Water News & a Word on Middle-East Water Rights

(noon. – promoted by ek hornbeck)

This is my last Water News diary for the year and I’d like to take the opportunity to remind the fighting I/P posters that the Middle East, where a few great waterways are the major source of water for a large area of dry lands spanning a number of national borders, the scarcity of water has played a central role in defining the political relationships in the region for thousands of years. Its ideological, religious, and geographical disputes go hand in hand with water-related tensions and it is becoming abundantly clear that the incoming administration of Barack Obama will have to deal swiftly with the powers of the region as the water crisis is not limited to the Jordan basin, but extends throughout the Middle East, encompassing also the watersheds of the Nile and the Tigris-Euphrates. Because of water’s preeminent role in survival (Israel depends on fresh water resources originating in the occupied territories for about one-third of its total supply) the parched and volatile Middle East must be dealt with because the fact is that the region is running out of water. The people who have built their lives on what was once a reliable source of fresh water are now seeing a shortage of this vital resource impinge on all aspects of their increasingly fragile relations.

Cross-posted on La Vida Locavore and DKos.

Disastrous news: Tennessee Ash Flood Larger Than Initial Estimate:

Tennessee –  A huge spill of coal ash from The Kingston Fossil power plant near the Emory River in Harriman, Roane County, Tennessee deposited traces of thallium, lead, and other toxic substances in the river. Source

Ancient Water Source Vital For Australia:

SYDNEY – An ancient underground water basin the size of Libya holds the key to Australia avoiding a water crisis as climate change bites the drought-hit nation. Australia’s Great Artesian Basin is one of the largest artesian groundwater basins in the world, covering 1.7 million sq kms (656,370 sq miles) and lying beneath one-fifth of Australia. Source

All sewage in Beijing to be reused within three years:

China – The Beijing Sewage Association said that all wastewater processed in the Chinese capital’s sewage treatment plants will meet the requirements for re-use within the next three years. Source

Cool news! River Torrens stormwater harvesting to green parks:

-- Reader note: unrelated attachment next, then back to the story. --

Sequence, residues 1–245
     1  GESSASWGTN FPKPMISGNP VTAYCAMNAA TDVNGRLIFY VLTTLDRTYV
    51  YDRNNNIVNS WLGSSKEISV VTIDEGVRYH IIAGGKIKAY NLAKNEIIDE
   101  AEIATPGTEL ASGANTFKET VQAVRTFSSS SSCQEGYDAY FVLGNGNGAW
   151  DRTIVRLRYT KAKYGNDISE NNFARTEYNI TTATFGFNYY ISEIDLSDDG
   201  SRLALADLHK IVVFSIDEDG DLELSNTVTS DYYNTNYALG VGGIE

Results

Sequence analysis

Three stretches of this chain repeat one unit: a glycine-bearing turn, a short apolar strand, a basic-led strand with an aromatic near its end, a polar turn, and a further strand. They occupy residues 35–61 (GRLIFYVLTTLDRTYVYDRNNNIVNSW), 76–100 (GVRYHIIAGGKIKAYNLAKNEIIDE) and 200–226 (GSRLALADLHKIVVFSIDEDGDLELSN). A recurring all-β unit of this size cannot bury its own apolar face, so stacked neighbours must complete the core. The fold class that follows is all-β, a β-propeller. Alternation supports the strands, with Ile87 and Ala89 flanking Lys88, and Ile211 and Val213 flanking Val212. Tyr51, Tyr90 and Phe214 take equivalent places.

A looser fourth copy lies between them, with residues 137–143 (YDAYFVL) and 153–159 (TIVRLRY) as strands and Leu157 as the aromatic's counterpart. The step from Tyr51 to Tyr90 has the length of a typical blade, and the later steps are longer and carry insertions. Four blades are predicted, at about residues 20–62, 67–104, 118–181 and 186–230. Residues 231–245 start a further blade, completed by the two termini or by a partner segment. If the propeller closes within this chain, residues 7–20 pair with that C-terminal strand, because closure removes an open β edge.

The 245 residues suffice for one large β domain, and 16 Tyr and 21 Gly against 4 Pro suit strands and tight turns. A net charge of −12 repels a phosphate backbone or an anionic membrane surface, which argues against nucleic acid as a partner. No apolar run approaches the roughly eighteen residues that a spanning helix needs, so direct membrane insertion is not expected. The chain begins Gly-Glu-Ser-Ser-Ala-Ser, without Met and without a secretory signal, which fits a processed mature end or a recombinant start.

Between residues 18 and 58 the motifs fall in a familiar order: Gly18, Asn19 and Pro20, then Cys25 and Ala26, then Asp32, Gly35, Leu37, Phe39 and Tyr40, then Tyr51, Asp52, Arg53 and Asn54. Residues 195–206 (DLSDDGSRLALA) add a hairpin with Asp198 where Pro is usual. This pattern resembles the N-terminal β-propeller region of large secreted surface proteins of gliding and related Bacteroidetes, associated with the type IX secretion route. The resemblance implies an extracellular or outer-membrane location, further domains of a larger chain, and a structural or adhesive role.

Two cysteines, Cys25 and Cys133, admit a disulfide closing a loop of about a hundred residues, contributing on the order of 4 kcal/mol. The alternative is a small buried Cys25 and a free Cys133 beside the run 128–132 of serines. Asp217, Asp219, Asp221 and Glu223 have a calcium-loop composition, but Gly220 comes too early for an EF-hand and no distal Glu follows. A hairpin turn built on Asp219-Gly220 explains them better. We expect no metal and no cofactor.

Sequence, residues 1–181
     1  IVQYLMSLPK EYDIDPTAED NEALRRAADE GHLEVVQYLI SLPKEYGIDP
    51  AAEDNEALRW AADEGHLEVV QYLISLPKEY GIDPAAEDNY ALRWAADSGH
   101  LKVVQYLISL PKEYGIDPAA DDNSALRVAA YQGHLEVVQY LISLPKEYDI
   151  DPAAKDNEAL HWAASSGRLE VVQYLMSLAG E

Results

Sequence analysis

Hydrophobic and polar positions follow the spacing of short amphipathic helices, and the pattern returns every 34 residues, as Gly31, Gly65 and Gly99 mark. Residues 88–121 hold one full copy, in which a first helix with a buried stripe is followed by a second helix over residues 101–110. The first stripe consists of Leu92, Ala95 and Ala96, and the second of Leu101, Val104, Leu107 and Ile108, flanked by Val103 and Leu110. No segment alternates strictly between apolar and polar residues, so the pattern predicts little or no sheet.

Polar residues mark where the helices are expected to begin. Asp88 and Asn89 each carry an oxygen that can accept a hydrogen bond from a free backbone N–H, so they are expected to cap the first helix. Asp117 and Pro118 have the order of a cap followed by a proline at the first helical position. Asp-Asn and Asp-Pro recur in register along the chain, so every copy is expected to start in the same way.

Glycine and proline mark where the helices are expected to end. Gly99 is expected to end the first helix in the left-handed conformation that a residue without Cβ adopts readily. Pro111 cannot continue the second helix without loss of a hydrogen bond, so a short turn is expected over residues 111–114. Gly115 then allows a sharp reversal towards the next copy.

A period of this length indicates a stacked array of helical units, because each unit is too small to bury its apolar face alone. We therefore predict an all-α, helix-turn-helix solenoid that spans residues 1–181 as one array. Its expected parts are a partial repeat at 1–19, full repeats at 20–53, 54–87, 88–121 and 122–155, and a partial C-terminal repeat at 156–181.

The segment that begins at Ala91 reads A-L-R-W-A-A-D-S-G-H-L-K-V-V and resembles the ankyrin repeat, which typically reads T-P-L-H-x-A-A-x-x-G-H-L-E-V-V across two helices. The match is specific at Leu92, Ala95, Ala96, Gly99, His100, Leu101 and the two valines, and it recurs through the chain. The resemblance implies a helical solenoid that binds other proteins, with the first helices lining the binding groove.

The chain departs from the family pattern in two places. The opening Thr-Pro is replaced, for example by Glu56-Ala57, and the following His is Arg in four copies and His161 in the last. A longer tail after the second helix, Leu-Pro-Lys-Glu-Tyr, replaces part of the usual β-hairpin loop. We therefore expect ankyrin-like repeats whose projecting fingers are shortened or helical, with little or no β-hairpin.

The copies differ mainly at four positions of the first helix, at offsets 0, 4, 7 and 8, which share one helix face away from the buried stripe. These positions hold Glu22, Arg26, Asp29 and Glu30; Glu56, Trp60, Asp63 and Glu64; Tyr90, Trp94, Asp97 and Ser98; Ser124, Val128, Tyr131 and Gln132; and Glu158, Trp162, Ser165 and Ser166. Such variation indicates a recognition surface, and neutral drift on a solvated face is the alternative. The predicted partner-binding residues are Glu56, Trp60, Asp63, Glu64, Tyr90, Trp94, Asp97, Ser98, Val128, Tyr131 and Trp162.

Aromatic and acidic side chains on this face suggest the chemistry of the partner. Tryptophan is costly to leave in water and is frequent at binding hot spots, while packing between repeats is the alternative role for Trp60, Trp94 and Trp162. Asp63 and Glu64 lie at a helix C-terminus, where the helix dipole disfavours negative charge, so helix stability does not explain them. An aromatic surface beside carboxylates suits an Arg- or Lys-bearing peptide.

AUSTRALIA – Conservation Minister Jay Weatherill of the Australian state of South Australia announced a $3.5 million plan to harvest rainwater and recycle it in a bid to ease the strain on aquifers along the Torrens River. Source



Crazy news: Lake drinks a lot of water
:

CALIFORNIA – The city of San Diego in California’s San Diego County, despite being so short of potable water that it’s close to mandatory water conservation, spends at least $140,000 annually to pump about 53 million gallons of drinking water into Chollas Lake for fishing. Just fishing. Source

African Ministers Say Share Water To Combat Hunger:

Libya – African states lack the resources to deal with climate change alone and must share water better to feed growing populations, said government ministers said at a water conference in Sirte, Libya. Source

An African Development Bank loan of 40.55 million dinars:

Tunisia – The African Development Bank approved a loan of 40.55 million dinars (roughly $30 million) to help support Phase 2 of Tunisia’s Water Investment Project from 2009-14. Source: in French



Troubled Three gorges Dam in China:

China – Rising water levels in China’s giant Three Gorges Dam have triggered dozens of landslides in recent months, damaging houses, land and infrastructure worth millions of dollars, state media said on Thursday. Source: in French

                                         Photobucket



Scientists: act now on Gulf of Mexico’s Dead Zone:

United States – U.S. scientists have issued a report urging immediate government action to reduce urban and Midwest farm runoff blamed for feeding an 8000-square-mile “dead zone” that has grown alarmingly off the mouth of the Mississippi River in the Gulf of Mexico. Source

And some good news: UA student hopes to grow his career, and lettuce, hydroponically:

ARIZONA – Josh Scott, a mechanical engineering student at the University of Arizona’s McGuire Center for Entrepreneurship in Tucson, Pima County, Arizona, is staking his future on hydroponics, a method of growing crops in a water solution containing nutrients. Source

1 comment

    • AAF on December 30, 2008 at 11:56 pm
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